*** So far, housing has been a bright spot. But, as 
the San Jose paper puts it, "Housing is due for a 
crumble under weight of economy." (Do they speak 
English in San Jose?)

*** As a group, housing stocks are up about 80% 
from two years ago. Daily Reckoning readers will 
remember builders such as Centex and Toll Bros. We 
noticed that they were still cheap 18 months ago - 
when techs were expensive. Now the techs are less 
expensive...and the builders are less cheap. 

*** The best move would probably be to get out of 
both of them. Neither is a good thing to own at the 
beginning of a recession. And the tech stocks are 
still preposterously expensive. The FT reports that 
software stocks still trade at a P/E of 58...and 
telecoms are still at 60 times earnings.

*** Amazon shares fell 6% $9.31. But 
AMZN is probably too expensive at any price. Very 
likely, Amazon will go bankrupt - wiping out all 
shareholders' equity. The latest news from the 
River of No Returns is that the company announced 
it was heading into the jungle of online PC sales. 
Bezos is a little late, as, for the first time in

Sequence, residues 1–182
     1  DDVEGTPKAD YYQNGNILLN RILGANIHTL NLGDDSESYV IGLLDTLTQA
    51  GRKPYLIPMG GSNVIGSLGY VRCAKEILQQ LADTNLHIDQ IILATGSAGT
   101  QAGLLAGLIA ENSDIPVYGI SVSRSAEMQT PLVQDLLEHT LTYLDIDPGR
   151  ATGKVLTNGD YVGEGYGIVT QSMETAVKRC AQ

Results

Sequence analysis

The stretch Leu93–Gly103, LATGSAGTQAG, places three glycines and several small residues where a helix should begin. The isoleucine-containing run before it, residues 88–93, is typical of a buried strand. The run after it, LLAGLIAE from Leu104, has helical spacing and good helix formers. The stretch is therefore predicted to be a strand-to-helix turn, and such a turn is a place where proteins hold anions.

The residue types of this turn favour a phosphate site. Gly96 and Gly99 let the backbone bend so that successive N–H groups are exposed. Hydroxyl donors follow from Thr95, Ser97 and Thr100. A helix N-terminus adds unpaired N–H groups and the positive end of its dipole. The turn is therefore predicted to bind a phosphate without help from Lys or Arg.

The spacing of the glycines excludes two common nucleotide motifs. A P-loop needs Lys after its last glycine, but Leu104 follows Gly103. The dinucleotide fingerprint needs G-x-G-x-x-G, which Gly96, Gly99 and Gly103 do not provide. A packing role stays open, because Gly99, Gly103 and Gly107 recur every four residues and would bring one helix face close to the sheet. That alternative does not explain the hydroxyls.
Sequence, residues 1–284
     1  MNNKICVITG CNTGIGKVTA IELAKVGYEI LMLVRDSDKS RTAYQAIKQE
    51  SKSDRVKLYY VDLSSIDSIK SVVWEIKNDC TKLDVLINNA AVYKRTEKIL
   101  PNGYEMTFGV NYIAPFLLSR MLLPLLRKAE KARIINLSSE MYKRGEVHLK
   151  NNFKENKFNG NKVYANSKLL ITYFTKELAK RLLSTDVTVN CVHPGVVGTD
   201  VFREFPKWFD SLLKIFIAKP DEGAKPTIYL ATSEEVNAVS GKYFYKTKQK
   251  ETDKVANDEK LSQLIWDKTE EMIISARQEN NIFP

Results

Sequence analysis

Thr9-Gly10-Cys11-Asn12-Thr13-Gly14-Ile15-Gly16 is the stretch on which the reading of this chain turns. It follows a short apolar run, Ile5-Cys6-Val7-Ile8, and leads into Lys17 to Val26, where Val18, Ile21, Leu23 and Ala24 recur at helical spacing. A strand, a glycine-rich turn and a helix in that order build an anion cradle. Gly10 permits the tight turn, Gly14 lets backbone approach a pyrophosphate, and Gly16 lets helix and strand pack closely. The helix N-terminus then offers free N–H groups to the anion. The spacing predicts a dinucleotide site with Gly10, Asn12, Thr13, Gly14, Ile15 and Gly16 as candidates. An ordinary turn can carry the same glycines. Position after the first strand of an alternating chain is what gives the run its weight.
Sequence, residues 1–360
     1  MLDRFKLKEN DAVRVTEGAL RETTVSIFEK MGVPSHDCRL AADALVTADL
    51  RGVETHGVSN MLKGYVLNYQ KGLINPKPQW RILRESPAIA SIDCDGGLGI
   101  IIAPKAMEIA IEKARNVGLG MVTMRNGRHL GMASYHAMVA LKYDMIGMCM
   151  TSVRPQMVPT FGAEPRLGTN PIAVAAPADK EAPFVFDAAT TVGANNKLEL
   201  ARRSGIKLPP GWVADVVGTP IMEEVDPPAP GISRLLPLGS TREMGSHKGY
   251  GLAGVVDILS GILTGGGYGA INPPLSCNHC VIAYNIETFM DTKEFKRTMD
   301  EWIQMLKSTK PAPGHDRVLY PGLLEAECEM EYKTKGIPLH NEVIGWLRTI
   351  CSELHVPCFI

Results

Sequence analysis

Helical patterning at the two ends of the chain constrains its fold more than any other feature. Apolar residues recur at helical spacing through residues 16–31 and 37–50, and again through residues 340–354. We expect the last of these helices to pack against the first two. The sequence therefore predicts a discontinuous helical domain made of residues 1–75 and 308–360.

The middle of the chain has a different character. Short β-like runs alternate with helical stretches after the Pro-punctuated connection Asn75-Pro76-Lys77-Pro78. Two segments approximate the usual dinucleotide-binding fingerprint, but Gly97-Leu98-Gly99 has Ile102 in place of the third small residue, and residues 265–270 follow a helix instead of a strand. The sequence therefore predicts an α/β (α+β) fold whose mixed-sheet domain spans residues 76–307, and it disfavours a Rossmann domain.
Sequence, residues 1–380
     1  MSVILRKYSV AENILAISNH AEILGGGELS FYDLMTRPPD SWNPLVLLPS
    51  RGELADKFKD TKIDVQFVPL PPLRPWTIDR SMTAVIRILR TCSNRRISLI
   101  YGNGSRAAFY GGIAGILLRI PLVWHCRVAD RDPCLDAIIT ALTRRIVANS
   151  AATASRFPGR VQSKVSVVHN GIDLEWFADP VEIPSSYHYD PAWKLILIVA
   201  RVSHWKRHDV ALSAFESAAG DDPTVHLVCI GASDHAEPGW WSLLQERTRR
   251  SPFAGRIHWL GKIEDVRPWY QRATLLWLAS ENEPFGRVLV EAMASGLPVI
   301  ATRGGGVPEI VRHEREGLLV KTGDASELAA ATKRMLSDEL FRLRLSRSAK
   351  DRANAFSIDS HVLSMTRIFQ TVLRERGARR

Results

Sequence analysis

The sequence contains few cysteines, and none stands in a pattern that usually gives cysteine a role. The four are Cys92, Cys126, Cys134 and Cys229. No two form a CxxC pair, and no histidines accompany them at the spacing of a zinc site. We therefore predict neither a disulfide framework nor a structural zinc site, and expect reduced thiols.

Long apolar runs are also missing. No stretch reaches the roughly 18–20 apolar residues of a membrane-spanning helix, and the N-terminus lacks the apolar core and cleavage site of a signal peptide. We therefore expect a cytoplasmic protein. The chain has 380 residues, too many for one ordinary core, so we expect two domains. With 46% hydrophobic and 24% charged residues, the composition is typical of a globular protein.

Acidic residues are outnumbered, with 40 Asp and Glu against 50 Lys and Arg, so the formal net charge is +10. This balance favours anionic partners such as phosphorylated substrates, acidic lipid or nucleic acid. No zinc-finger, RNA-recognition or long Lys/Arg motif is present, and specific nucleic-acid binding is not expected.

history, PC sales just began to contract.

*** While Wall Street falls, the Nikkei Dow in 
Tokyo gives it a race for its money. The Nikkei 
index hit a 17-year low on Wednesday...and dropped 
another 41 points yesterday. Which will hit 5,000 
first...Tokyo or New York?

*** But at least the financial press is on top of 
this story:

"Japan's bad loans become worse," worries the 
Financial Times.

"Japanese companies to cut more jobs," again, the 

"Japan steps closer to recession," the BBC.

*** The situation in Japan has gotten so bad that 
Gateway has closed its operations there.

What else can I tell you?

*** "If there is something that offers a bigger 
bang for your buck than natural gas, I don't know 
what the hell it is," relays our natural resource 
man John Myers, all the way from Calgary. After 
last winter's peak, "the sluggish economy," says 
John, "moderate weather and rising inventories have 
severely depressed natural gas prices this summer." 
John's got his eye on two companies he thinks will 
be Johnny-on-the-spot when the price begins to turn 
again. Watch this space.

*** Oh yes, this is interesting - the bond market 
is signaling that inflation is not going to be a 
problem. The gap between inflation-adjusted T-notes 
and those that are not adjusted for inflation has 
narrowed to just 1.39%. Strangely - and perhaps 
insanely - bond buyers are implying that inflation 
will not exceed 1.39% annually for the next 10 

*** So what will it be today? Greed or Fear? Will 
investors want to buy stocks at these "bargain" 
prices? Or will they prefer to sell stocks today so 
they can enjoy their Labor Day weekend without 
worrying about more losses? 

We will see, dear reader, we will see.

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by Bill Bonner

Pierre was giving me a signal.

He waved his finger behind his back, urging me to 
stop talking.

We were looking down from the ramparts of the